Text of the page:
Certain words or phrases I hear when I am out and about make my "antenna" go up. You could understand that terms like Jewish, Judaism, and the like do that. As does the word antisemitism. This word has been at the forefront of my mind, as you could probably guess, based on my past columns, because it is such a hot-button topic for the Jewish world these days. But, it could also be because I have been spending so much time lately, as Executive Director, to combat it here in the greater San Gabriel and Pomona Valleys.
For this reason, I got very excited back in December 2022 when the Second Gentleman, Doug Emhoff, announced that he was bringing together representatives from leading national Jewish organizations for a roundtable conversation to brainstorm ideas and discuss the rise of antisemitism in our country. This past Thursday, he, Ambassador Deborah Lipstadt, Ambassador Susan Rice, and Dr. Liz Sherwood-Randall (White House Homeland Security Advisor) presented the White House's National Strategy to Counter Antisemitism. I highly encourage you to watch the presentation by clicking here.
As I watched the presentation and saw how far-reaching the strategy will be implemented, I realized how perfectly our Jewish Federation's local efforts dove-tails the comprehensive national approach through our outreach to our local community's 48 city mayors and city councils. To date, 11 of our city councils (Claremont, Upland, Monrovia, Alhambra, Sierra Madre, San Gabriel, Temple City, Walnut, Diamond Bar, Pasadena, and Whittier) have passed resolutions denouncing antisemitism and all forms of hatred, adopted the International Holocaust Remembrance Alliance's (IHRA) working definition of antisemitism, and committed to work with targeted groups to address hate when it arises in their respective cities.
In my remarks I have made to city councils lately before they have voted to adopt their own resolutions, I share the following:
"While passing a resolution may feel symbolic, I want to assure you that it carries significant weight, especially for those impacted by the rise of hatred. It shows that your city stands with those targeted, and you are not okay with how they have been treated. And while we cannot legislate away antisemitism, racism, or other forms of hatred, this is an important first step."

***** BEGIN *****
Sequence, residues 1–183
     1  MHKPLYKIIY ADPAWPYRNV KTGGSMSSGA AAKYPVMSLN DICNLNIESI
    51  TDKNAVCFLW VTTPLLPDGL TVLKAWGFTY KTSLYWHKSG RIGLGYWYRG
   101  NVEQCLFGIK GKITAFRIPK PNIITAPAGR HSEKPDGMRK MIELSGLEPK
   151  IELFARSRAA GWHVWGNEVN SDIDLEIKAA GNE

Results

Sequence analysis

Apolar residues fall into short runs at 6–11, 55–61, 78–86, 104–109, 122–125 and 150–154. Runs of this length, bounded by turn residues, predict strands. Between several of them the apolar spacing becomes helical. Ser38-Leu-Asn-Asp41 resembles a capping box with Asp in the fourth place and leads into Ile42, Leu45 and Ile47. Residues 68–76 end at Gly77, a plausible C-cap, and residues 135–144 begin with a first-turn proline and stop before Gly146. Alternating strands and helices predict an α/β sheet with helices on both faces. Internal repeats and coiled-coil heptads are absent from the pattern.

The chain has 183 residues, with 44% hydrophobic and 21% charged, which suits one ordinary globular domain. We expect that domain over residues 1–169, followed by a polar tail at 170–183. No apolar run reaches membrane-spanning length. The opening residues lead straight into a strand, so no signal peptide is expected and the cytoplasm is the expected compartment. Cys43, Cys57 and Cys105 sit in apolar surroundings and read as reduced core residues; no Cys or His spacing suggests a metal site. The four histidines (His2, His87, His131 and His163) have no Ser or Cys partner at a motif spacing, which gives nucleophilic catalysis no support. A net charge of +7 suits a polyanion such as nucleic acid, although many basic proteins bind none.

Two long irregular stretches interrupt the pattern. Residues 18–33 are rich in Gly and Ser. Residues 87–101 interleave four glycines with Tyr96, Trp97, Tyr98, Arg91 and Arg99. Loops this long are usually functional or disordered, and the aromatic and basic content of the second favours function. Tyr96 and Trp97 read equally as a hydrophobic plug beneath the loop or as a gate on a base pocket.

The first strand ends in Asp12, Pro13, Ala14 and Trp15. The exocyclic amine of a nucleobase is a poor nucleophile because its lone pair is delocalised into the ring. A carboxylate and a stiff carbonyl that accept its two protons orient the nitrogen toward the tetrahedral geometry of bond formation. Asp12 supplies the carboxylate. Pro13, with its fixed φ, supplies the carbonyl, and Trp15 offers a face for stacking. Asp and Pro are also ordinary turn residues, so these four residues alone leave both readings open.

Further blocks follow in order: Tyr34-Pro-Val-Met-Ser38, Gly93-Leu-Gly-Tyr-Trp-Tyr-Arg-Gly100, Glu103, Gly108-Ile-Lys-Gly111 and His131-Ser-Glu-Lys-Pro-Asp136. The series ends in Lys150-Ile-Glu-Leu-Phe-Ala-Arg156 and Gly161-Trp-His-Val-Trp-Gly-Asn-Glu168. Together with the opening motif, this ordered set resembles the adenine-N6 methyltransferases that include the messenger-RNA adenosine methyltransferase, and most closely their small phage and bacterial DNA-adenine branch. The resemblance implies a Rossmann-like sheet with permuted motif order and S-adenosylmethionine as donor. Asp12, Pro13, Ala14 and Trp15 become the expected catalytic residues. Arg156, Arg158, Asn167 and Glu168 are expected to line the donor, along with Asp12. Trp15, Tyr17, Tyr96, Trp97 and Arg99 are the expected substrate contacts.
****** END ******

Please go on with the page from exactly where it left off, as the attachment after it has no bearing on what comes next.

There are times when an issue feels TOO big for any of us to tackle, let alone try and solve; we perceive that since our efforts will not make that much of a difference, we might as well not try. Often, combatting antisemitism can feel like this. I know that I have felt this way in the past. During her remarks on Thursday, Ambassador Lipstadt shared the important rabbinic teaching found in Pirkei Avot 2:16 "It is not up to you to finish the work, yet you are not free to avoid it."
With this in mind, here are a few things you can do to help this effort:
- Support our effort and Donate.
- Contact your local city leaders to say thank you (if you live in one of the cities that have taken action) or encourage them to join our effort by passing their own resolution.
- Report every antisemitic or hate incident, even if you feel it "was nothing" or don't think it will make a difference. When I speak with the ADL, the FBI, and even law enforcement, they all say to report every incident. This information helps them build cases, and by collecting this data, it will continue to impact local, state, and federal policies.
- Share this information with everyone you know and encourage them to join our effort. We need everyone to stand up to antisemitism and all forms of hatred.
I promise the Jewish Federation of the Greater San Gabriel and Pomona Valleys will continue our effort to combat antisemitism. And while we, along with the commitment from the White House with its National Strategy to Counter Antisemitism, may not completely eradicate antisemitism and all forms of hate, we will help make a difference.